Can Spayed Dogs Get Pyometra

Can Spayed Dogs Get Pyometra? Everything You Need to Know

Pyometra is a dangerous and life-threatening condition that can affect female dogs. This infection of the uterus can be extremely painful and potentially fatal if left untreated. But what about spayed dogs? Can they still get pyometra?

The answer may surprise you.

Contrary to popular belief, spayed dogs can still develop pyometra. While the risk is significantly lower than in intact females, it is not zero.

So, how does this happen?

When a dog is spayed, the ovaries and uterus are removed. However, in some cases, small remnants of uterine tissue can be left behind. These remnants, known as a stump or horn, can become infected and lead to pyometra.

Additionally, some spay procedures may not completely remove all of the uterine tissue. This is more likely to occur in larger or overweight dogs where the uterus is harder to access during surgery.

It’s important to note that while pyometra can occur in spayed dogs, it is much less common than in intact females. However, if you notice any symptoms of pyometra in your spayed dog, it’s essential to seek veterinary care immediately.

Symptoms of Pyometra in Spayed Dogs

The symptoms of pyometra in spayed dogs are similar to those seen in intact females. They include:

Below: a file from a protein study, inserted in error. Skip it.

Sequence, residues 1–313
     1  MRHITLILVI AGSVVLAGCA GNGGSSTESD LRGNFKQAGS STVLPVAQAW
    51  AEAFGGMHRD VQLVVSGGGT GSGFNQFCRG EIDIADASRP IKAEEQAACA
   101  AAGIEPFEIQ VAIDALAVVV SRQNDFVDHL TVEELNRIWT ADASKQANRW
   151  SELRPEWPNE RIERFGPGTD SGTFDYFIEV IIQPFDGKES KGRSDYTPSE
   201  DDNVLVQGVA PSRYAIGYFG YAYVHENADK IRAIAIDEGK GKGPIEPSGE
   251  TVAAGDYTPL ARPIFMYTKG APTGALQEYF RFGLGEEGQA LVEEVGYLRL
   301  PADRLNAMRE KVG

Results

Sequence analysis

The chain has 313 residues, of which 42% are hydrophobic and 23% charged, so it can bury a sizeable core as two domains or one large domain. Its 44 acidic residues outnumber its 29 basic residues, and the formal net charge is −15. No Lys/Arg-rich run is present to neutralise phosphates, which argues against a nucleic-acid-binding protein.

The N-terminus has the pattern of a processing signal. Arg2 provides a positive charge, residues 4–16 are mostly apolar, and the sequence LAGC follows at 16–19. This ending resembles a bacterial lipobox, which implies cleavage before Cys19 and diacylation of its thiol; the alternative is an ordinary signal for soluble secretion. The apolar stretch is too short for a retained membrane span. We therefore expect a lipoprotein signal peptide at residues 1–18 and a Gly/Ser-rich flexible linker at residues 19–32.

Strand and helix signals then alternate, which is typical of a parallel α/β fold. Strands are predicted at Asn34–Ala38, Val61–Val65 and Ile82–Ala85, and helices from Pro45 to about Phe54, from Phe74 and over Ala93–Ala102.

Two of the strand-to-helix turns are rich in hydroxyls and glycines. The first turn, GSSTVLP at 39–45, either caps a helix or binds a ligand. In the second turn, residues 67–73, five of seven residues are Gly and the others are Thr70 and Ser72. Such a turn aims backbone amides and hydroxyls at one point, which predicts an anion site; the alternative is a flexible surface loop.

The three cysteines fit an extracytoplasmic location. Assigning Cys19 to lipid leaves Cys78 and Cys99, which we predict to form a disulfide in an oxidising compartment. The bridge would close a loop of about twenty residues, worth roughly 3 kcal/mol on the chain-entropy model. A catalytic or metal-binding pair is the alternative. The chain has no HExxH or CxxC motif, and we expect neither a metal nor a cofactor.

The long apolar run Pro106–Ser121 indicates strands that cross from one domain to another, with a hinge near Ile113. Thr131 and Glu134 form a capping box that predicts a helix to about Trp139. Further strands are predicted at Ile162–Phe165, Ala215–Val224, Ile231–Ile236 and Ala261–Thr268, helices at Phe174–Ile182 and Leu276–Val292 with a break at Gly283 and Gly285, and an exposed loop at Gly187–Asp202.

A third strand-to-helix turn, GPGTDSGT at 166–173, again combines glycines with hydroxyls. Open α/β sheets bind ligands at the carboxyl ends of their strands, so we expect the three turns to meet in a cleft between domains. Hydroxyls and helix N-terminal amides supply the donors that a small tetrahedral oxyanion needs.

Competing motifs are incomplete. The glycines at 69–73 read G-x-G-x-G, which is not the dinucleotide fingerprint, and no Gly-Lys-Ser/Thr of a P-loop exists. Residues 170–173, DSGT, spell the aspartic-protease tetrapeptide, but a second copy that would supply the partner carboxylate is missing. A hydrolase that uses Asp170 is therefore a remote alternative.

– Loss of appetite
– Vomiting
– Lethargy
– Increased thirst
– Abdominal swelling
– Discharge from the vulva
– Fever

If you notice any of these symptoms in your spayed dog, don’t wait! Seek veterinary care right away.

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Treatment for Pyometra in Spayed Dogs

The treatment for pyometra in spayed dogs typically involves surgical removal of the infected tissue. In some cases, antibiotics may also be necessary.

It’s important to note that pyometra is a medical emergency and can be fatal if left untreated. The earlier you seek veterinary care, the better the chances of a successful outcome.

Preventing Pyometra in Spayed Dogs

While spaying your dog significantly reduces the risk of pyometra, it is not foolproof. To help prevent this condition in your spayed dog, consider these tips:

– Keep your dog at a healthy weight
– Ensure proper surgical technique during spay surgery
– Monitor your dog for any signs of illness or infection
– Schedule regular wellness exams with your veterinarian


While spaying your dog greatly reduces the risk of pyometra, it is still possible for spayed dogs to develop this dangerous condition. By being vigilant and monitoring your dog’s health, you can help catch pyometra early and seek appropriate treatment.

Remember, if you notice any symptoms of pyometra in your spayed dog, don’t wait! Seek veterinary care immediately. With prompt treatment, your furry friend can recover from this potentially life-threatening condition.